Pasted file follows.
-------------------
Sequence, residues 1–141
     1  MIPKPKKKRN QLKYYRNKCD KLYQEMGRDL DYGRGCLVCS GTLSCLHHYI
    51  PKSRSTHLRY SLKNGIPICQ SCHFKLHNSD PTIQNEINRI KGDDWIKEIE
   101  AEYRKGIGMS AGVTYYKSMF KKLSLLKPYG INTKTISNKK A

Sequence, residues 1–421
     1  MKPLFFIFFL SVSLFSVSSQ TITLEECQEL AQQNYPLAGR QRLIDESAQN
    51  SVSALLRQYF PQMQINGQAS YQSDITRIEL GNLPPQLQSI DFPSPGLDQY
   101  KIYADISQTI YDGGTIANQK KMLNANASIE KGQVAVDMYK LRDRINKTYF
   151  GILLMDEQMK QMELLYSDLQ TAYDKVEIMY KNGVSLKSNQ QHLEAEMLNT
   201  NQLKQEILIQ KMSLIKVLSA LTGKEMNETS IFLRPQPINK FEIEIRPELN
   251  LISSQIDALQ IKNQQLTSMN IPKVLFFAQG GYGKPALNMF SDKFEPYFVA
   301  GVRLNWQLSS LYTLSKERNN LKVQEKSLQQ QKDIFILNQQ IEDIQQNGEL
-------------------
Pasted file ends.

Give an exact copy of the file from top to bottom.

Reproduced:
Sequence, residues 1–141
     1  MIPKPKKKRN QLKYYRNKCD KLYQEMGRDL DYGRGCLVCS GTLSCLHHYI
    51  PKSRSTHLRY SLKNGIPICQ SCHFKLHNSD PTIQNEINRI KGDDWIKEIE
   101  AEYRKGIGMS AGVTYYKSMF KKLSLLKPYG INTKTISNKK A

Sequence, residues 1–421
     1  MKPLFFIFFL SVSLFSVSSQ TITLEECQEL AQQNYPLAGR QRLIDESAQN
    51  SVSALLRQYF PQMQINGQAS YQSDITRIEL GNLPPQLQSI DFPSPGLDQY
   101  KIYADISQTI YDGGTIANQK KMLNANASIE KGQVAVDMYK LRDRINKTYF
   151  GILLMDEQMK QMELLYSDLQ TAYDKVEIMY KNGVSLKSNQ QHLEAEMLNT
   201  NQLKQEILIQ KMSLIKVLSA LTGKEMNETS IFLRPQPINK FEIEIRPELN
   251  LISSQIDALQ IKNQQLTSMN IPKVLFFAQG GYGKPALNMF SDKFEPYFVA
   301  GVRLNWQLSS LYTLSKERNN LKVQEKSLQQ QKDIFILNQQ IEDIQQNGEL